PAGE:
Two years ago today, DC awoke to find the Capitals crowned kings of the NHL

Two years ago, on June 8, 2018, Washington D.C. was waking up as a championship city. The night before in Las Vegas, the Capitals defeated the Golden Knights to win the final series four games to one and claim the Stanley Cup.

“We never went to bed,” said Capitals radio announcer John Walton. “It was an extraordinary time. I still remember going into the arena before the morning skate of Game Five and thinking we could actually win the Stanley Cup tonight in this building, and how unbelievable that would be for all of the Capitals fans that had been through so much in past playoffs.”

Capitals fans were conditioned to postseason disappointment despite the team being a model of consistent success. Since the start of the 1982-1983 season, the Capitals have the most regular season wins of any NHL team. It has been what has happened after the Caps got into the playoffs that brought about so much heartache.

Oh, there were postseason moments. I was only at WTOP for five months when in May of 1990, I was sent to Boston to cover the Capitals in what was then known as the Wales Conference Finals. Eight years later, in 1998, the Capitals did finally breakthrough and surprised most hockey observers by making it to their first Stanley Cup Final, only to be swept by the Detroit Red Wings.

It seemed certain to be different for the Capitals in the Alexander Ovechkin era. Ovechkin hit the ice for the Capitals in the 2005-2006 season, and it was clear the team had a generational player like Wayne Gretzky or Mario Lemieux. If Gretzky and Lemieux had won Stanley Cups, then surely Ovechkin, in a Capitals uniform, would lift the Stanley Cup.

In his third season with the Capitals, Ovechkin led the team from last place in the division standings in November to the 2008 playoffs. The Capitals made it to the Eastern Conference quarterfinals before losing to the Flyers. Despite the playoff exit, the Capitals’ magical run that season started a romance between the team and city and a string of sold-out home games that is still going.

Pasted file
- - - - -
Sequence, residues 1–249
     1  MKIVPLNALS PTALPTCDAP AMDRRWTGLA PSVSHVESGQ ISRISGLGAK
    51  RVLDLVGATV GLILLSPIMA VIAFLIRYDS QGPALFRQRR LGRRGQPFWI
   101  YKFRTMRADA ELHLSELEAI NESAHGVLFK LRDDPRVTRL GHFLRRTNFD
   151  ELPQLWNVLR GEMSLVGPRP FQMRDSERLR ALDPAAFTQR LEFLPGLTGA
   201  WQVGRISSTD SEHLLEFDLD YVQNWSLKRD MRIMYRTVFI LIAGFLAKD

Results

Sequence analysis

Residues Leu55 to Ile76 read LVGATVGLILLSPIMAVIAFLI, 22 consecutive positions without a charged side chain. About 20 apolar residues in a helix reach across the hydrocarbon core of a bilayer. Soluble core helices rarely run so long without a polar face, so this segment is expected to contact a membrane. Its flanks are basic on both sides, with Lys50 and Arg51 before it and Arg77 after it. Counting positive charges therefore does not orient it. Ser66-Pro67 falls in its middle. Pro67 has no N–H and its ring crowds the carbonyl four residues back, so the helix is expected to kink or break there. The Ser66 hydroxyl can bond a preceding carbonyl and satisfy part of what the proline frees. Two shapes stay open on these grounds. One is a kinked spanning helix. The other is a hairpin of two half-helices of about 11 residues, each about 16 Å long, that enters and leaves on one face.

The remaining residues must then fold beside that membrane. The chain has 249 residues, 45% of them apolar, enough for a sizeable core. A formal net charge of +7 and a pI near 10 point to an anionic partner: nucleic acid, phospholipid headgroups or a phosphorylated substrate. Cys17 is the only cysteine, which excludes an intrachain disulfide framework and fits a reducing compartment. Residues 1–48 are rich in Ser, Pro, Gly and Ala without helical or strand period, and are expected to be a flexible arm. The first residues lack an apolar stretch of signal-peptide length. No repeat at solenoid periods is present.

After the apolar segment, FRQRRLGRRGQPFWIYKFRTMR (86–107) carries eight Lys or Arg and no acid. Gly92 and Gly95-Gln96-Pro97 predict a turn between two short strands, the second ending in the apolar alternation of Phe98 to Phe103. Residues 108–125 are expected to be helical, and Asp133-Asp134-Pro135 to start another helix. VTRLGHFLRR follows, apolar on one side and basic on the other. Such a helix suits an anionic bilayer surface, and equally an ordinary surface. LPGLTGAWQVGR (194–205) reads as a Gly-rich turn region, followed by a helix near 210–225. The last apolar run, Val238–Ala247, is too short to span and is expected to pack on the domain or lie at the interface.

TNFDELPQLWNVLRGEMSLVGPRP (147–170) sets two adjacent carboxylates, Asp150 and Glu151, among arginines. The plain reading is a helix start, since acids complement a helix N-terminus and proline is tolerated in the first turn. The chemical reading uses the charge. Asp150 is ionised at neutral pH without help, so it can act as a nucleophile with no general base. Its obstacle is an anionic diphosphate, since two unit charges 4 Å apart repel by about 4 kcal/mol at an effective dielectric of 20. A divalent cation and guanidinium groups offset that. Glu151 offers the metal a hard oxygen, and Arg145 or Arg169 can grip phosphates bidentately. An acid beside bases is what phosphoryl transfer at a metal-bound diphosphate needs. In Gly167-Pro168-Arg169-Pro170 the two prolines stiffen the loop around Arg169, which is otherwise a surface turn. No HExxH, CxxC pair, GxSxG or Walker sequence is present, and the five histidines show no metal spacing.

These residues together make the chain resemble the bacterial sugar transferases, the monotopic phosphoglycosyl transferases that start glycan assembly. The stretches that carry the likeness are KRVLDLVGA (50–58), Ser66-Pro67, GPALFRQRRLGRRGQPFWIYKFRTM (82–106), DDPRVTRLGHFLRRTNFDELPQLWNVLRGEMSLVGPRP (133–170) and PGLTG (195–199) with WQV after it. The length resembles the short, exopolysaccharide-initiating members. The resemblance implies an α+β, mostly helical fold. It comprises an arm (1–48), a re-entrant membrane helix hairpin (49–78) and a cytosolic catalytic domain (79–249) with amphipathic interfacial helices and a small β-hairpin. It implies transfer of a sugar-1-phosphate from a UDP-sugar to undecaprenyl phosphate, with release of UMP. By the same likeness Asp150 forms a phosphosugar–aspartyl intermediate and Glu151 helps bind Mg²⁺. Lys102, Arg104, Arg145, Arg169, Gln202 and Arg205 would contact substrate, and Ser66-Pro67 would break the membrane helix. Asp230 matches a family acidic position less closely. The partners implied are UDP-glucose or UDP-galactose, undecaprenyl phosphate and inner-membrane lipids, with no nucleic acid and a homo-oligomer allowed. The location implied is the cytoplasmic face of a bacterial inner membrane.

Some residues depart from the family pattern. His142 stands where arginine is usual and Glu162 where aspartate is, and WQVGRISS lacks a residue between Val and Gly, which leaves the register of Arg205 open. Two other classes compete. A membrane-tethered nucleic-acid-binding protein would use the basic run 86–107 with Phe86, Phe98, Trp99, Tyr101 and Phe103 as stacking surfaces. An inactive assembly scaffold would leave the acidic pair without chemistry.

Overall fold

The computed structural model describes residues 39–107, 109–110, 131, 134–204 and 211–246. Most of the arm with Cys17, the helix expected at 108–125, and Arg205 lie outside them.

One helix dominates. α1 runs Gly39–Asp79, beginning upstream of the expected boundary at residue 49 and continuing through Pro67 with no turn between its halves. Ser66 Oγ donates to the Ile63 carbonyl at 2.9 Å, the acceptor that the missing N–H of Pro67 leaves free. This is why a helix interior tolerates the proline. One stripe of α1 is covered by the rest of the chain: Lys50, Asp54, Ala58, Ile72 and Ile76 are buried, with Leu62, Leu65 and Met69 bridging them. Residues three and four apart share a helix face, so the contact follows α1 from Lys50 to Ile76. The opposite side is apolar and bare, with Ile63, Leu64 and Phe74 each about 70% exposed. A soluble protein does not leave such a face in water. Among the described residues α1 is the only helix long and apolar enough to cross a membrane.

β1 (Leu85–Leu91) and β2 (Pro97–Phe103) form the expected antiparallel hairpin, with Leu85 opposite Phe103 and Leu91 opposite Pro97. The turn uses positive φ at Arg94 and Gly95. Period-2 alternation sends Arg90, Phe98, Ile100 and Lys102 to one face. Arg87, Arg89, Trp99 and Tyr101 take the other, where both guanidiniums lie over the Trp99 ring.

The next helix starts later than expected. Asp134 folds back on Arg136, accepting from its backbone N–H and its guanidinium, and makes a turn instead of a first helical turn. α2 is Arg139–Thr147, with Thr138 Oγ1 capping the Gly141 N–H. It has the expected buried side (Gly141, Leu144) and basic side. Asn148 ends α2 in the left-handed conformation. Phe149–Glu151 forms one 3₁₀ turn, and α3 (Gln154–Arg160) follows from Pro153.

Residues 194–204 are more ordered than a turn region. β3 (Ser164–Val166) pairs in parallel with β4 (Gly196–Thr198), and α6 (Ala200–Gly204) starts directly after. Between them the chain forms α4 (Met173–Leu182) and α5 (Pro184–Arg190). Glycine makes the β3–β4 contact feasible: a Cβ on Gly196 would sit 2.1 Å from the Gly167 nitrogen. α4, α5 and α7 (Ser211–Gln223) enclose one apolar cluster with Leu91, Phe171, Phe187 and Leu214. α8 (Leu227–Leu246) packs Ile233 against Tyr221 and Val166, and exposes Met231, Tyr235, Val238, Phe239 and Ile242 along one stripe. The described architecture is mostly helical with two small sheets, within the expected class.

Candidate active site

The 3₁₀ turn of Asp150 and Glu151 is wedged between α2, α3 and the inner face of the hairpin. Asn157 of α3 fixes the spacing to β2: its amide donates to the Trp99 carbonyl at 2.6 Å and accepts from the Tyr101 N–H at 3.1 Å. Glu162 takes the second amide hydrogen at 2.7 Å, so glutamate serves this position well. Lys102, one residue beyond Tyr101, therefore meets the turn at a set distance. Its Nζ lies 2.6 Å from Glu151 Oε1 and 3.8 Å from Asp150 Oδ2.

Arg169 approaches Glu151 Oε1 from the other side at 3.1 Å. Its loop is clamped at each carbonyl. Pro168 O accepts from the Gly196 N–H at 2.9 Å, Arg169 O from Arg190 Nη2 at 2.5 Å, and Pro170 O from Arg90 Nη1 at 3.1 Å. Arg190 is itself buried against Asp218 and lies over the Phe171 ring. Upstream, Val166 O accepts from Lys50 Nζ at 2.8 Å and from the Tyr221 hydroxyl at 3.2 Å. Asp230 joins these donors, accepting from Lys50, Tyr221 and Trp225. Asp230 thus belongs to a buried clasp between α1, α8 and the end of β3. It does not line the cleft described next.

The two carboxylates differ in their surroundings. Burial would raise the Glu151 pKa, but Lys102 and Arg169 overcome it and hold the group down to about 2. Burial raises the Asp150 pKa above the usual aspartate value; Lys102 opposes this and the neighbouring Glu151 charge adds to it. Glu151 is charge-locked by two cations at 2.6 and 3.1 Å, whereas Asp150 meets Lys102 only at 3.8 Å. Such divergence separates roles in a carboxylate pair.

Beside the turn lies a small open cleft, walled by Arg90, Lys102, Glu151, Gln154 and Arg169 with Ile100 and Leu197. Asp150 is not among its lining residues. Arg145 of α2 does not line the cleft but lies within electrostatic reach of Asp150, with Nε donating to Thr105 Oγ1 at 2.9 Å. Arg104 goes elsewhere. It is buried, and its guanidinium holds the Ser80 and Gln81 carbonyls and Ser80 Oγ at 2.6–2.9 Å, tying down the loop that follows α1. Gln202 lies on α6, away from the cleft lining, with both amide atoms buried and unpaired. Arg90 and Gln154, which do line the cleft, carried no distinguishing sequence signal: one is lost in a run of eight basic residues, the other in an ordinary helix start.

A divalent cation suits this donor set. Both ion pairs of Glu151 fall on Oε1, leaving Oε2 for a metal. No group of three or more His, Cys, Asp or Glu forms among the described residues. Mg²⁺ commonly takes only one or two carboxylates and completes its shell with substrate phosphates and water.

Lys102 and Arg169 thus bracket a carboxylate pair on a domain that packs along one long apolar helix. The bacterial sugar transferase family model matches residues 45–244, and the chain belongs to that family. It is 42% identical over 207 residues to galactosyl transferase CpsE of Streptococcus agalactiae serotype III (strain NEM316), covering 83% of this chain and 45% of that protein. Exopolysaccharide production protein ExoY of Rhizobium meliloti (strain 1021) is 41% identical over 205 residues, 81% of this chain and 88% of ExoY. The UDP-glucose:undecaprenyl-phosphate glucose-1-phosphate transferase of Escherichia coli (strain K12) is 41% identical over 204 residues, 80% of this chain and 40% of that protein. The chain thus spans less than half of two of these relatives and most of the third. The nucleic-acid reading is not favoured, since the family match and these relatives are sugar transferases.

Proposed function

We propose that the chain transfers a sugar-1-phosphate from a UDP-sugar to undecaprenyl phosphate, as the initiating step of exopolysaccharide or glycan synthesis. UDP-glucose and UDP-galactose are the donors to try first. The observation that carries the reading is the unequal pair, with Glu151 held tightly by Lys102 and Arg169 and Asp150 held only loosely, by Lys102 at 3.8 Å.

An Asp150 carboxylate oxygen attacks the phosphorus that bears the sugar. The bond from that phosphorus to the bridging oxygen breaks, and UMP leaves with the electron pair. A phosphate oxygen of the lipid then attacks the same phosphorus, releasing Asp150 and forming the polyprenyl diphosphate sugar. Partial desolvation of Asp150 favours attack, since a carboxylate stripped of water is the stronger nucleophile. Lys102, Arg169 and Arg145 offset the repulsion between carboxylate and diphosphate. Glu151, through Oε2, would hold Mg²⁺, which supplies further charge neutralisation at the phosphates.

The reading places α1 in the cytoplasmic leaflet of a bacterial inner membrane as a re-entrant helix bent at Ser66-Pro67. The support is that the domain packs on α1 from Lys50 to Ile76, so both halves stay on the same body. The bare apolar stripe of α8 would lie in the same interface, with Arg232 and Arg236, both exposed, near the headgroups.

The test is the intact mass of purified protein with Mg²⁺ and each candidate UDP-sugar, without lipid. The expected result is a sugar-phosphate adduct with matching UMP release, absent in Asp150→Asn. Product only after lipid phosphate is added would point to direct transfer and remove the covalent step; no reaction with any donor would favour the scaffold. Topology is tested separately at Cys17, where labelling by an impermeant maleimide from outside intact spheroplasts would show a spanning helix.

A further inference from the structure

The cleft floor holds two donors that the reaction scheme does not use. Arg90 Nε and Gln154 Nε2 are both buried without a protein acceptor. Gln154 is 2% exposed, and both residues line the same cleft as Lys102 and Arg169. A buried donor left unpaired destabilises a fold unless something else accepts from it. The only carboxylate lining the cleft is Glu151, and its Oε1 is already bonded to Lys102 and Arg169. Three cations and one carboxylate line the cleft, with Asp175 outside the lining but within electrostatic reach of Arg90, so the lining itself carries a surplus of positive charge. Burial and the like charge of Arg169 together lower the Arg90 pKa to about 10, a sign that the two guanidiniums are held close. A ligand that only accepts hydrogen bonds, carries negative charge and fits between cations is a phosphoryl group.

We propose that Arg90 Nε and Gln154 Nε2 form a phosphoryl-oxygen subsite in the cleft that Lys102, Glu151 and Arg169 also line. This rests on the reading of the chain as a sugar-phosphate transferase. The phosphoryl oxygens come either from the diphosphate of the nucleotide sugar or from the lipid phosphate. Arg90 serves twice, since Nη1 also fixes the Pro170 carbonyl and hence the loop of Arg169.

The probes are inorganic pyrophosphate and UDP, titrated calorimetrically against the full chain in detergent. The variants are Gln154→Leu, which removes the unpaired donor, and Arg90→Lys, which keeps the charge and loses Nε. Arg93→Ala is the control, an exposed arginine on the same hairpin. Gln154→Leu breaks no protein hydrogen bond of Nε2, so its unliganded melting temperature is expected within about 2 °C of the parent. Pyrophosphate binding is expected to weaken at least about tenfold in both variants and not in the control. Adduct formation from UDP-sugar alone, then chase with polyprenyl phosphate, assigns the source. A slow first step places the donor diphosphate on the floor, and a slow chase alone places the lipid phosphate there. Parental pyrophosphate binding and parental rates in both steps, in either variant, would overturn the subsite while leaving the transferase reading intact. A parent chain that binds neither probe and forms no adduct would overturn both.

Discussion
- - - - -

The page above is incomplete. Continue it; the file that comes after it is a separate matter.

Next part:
Suddenly, there was real passion and support for hockey in D.C., but the Capitals still struggled to find their way in the playoffs in subsequent years. The Penguins, who gave the Capitals fits in the 1990s, were a problem again.

Lemieux was now part-owner of the Penguins, and with Sidney Crosby leading the way, they were getting the better of Ovechkin and the Capitals.

In spring 2018, the Capitals finally broke through and beat the Penguins in six games in the Eastern Conference quarterfinals. It was as the Capitals were winning Game Five that Walton, on the radio, told us: “It’s OK to believe.”

Walton needed to remind Caps fans to believe, because over the team’s playoff history, 10 times it had lost a series after having either a 3-1 lead or 2-0 lead.

The Capitals won Game Six of that playoff series with the Penguins in overtime, no less, with Evgeny Kuznetsov delivering the joy with the winning goal. Kuznetsov’s goal seemed to change everything.

The Capitals even lost three straight games to the Tampa Bay Lightning in the Eastern Conference Finals. On the brink of elimination, they pulled through to win the final two games of the series and advance to the Stanley Cup Final against the Golden Knights.

After losing Game One of the series, the Capitals won three straight to set up the memorable night in Las Vegas. What might not be remembered now by many Capitals fans is that going into the third period, the Golden Knights had the momentum and a 3-2 lead. But for Walton, who told us it was OK to believe, there was no question the 2018 Stanley Cup would end up with the Capitals.

“This team was not going to be denied,” he said. “There was just this feeling in the building all night long. There were so many Caps fans who were there anticipating the moment [and] had found a way to buy tickets from the Golden Knights. And here was the moment and here was the time and it unfolded right in front of us in the third period.”

Devante Smith-Pulley tied the game at 9:52 of the third, and then less than three minutes later, Lars Eller scored the game-winner. The Capitals then held on for a 4-3 win, and after 43 seasons in the NHL, the Stanley Cup belonged to Washington.

What came next was an incredible summer of joy in Washington. There was the championship parade and people as far as you could see smiling and wearing Capitals red. Players had fun swimming in fountains in Georgetown and breaking out into impromptu celebrations all over town.

And if the Stanley Cup trophy could talk, Walton believes it would have plead with the Capitals: “Listen, I love you guys, but please take it easy on me next time,” Walton said. “From the Georgetown waterfront, to Adams Morgan, to the day of the parade, that Cup got a workout. The group of guys on that team were some of the most fun people as a group I’ve ever been around.

It all starts with number eight (Ovechkin). He is not just the greatest goal scorer of all time, he is a lot of fun.”

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